At least 105 people have been killed as Israel's bombardment of the Gaza Strip enters its fourth day, with the latest attack killing five people in Rafah while rescuers were trying to free those trapped in the ruins of a building.
The air raid in Rafah on Friday came as Israel continued to bomb Gaza in what it says is an attempt to halt indiscriminate rocket fire by Hamas fighters.
Al Jazeera's Stefanie Dekker, reporting from Gaza on Friday, said at least 200 homes in the territory had been destroyed in the offensive that began earlier this week.
"Over 3,000 homes have been partially destroyed by the air strikes, and we've received figures that translates to an air strike here every four and half minutes," she said.
Avichay Adraee, spokesman for the Israeli military, said it had hit more than 1,100 targets in Gaza since the beginning of the offensive and that "there are still hundreds to finish off".
At least 700 Palestinians have been injured since the start of the Israeli attacks, according to the Palestinian Health Ministry.
A total of 10 Israelis have been injured by Palestinian fire since Israel began attacks on Gaza, with no deaths reported.
Eight people were injured when a Palestinian rocket hit a fuel tanker at a petrol station in Ashdod on Friday, the Israeli army said.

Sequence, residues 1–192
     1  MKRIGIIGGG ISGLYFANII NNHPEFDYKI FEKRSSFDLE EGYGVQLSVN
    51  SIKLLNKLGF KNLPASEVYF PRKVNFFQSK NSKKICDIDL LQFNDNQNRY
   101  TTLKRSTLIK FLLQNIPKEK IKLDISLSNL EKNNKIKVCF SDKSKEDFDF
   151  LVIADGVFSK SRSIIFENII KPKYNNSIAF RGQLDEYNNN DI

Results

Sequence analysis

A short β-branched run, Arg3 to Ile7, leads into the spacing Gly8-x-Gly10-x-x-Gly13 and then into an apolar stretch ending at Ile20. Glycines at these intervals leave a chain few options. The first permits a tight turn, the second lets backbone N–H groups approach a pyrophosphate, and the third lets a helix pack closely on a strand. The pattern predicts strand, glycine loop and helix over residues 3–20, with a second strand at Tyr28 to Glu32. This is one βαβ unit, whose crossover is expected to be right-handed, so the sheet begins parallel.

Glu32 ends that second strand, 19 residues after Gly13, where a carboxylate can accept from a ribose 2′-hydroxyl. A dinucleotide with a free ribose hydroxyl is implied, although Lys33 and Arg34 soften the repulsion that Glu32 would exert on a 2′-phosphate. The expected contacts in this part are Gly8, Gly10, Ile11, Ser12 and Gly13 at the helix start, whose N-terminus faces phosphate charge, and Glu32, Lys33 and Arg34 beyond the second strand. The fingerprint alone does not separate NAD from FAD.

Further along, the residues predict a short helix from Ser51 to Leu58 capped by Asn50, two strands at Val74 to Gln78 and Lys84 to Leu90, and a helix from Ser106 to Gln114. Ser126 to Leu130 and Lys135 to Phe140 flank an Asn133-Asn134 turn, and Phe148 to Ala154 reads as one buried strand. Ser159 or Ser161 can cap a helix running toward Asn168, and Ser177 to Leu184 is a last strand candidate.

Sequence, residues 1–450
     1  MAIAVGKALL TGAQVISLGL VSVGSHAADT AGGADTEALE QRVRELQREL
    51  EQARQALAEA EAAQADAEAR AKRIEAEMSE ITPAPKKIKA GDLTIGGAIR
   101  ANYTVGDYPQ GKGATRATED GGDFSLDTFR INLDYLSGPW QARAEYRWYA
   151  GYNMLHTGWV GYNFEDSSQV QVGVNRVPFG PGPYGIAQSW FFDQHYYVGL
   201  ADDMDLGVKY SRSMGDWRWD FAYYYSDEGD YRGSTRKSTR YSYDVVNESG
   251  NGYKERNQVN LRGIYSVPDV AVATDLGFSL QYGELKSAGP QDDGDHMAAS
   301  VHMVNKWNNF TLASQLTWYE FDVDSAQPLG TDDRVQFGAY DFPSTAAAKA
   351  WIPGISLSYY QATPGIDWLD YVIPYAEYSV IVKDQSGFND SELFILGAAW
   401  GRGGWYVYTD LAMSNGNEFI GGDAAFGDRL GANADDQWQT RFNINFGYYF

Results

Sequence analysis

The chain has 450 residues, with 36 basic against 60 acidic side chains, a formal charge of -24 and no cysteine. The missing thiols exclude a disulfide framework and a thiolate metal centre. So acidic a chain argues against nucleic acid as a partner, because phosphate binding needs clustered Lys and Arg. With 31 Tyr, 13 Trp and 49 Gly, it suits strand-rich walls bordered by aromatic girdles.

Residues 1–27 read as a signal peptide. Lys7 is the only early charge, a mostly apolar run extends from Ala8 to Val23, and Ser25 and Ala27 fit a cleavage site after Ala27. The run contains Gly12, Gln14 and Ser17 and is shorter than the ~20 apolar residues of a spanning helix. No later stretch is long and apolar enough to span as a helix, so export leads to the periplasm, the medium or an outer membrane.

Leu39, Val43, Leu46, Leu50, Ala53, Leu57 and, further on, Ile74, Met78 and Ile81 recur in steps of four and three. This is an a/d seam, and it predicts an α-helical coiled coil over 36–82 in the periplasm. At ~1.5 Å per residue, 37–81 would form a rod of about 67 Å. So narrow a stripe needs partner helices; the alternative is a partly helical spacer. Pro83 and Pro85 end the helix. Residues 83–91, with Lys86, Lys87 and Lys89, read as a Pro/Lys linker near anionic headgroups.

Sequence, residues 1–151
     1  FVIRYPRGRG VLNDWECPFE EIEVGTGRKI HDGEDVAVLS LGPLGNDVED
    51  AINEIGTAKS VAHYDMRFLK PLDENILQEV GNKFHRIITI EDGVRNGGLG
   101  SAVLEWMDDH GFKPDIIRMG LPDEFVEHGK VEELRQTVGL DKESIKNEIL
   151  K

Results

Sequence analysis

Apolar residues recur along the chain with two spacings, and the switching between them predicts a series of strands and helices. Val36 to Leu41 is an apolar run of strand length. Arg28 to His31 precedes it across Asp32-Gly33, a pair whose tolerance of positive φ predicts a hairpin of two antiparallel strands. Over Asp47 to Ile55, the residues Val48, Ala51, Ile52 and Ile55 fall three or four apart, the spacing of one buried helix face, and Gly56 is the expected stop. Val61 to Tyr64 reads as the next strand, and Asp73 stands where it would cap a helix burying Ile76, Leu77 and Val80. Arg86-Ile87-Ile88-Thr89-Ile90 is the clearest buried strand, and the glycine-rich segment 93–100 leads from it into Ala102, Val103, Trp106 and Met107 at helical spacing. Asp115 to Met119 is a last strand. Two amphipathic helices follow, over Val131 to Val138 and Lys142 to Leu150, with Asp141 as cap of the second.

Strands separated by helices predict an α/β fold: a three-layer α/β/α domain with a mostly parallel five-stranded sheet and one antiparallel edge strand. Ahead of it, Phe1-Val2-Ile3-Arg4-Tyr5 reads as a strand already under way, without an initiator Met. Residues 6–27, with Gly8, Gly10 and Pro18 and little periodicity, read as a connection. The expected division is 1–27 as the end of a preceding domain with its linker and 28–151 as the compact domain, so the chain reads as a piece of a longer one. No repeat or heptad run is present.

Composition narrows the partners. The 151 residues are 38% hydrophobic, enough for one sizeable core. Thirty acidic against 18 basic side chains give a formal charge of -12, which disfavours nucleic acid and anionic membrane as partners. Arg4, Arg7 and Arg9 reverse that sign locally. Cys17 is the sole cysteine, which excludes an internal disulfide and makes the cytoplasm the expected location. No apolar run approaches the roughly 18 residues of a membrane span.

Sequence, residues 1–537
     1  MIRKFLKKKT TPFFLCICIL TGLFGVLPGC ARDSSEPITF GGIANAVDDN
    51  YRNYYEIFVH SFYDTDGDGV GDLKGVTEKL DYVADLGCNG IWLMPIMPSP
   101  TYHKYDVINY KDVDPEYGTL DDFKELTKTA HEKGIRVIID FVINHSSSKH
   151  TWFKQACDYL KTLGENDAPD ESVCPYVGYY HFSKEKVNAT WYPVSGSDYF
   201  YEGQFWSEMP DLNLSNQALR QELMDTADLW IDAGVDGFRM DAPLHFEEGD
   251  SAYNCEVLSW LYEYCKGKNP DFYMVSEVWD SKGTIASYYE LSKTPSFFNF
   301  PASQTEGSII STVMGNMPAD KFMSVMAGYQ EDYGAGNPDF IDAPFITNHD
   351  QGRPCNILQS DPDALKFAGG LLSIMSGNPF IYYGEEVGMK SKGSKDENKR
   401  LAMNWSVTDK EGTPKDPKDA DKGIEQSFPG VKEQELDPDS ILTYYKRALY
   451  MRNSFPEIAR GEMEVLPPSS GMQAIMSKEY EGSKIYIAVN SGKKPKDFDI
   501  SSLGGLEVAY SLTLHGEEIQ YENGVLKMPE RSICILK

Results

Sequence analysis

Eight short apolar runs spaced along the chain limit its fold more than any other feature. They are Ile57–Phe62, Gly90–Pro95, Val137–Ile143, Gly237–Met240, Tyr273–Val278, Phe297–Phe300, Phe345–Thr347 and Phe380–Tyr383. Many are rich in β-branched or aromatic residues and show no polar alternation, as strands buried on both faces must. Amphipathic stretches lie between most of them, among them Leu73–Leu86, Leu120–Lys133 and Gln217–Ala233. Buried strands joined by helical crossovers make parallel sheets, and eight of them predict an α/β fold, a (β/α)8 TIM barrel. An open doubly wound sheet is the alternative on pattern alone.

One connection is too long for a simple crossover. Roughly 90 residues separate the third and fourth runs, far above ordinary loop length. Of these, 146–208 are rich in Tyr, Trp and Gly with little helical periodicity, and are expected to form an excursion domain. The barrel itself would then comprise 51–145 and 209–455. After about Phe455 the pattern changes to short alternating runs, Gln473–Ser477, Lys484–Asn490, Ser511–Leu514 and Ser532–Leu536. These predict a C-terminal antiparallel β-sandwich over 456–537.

In an attack on Thursday, two soldiers were injured in a mortar bomb attack targeting the Eshkol regional council.
The army said on Friday its Iron Dome missile-defence system intercepted at least four rockets, believed to have been targeting the airport near Tel Aviv.
Meanwhile, Lebanon's state news agency said that two rockets were fired from Hasbaya in southern Lebanon towards Israel on Friday morning.
The Lebanese army searched the area and found rocket launchers as well as two other rockets that had not been fired, and dismantled them, Al Jazeera's Rula Amin reported from Beirut.
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"They say they don't know who's behind the firing of these rockets, but are looking for them," she said.
"In retaliation, Israel fired 25 shells into Lebanese land, but no injuries or casualties were reported on either side of the border."
The clashes and exchange of rocket fire between Hamas and Israeli military has drawn strong reactions from leaders across the world.
On Friday, Navi Pillay, the UN's human rights chief, expressed alarm at Israel's military operations and the mounting civilian toll in Gaza, as well as the indiscriminate firing of rockets from Gaza into Israel.
"Israel, Hamas, and Palestinian armed groups in Gaza have been down this road before, and it has led only to death, destruction, distrust and a painful prolongation of the conflict," Pillay said.
"This time around, once again, civilians are bearing the brunt of the conflict. I urge all sides to steadfastly respect their obligations under international human rights law and international humanitarian law to protect civilians."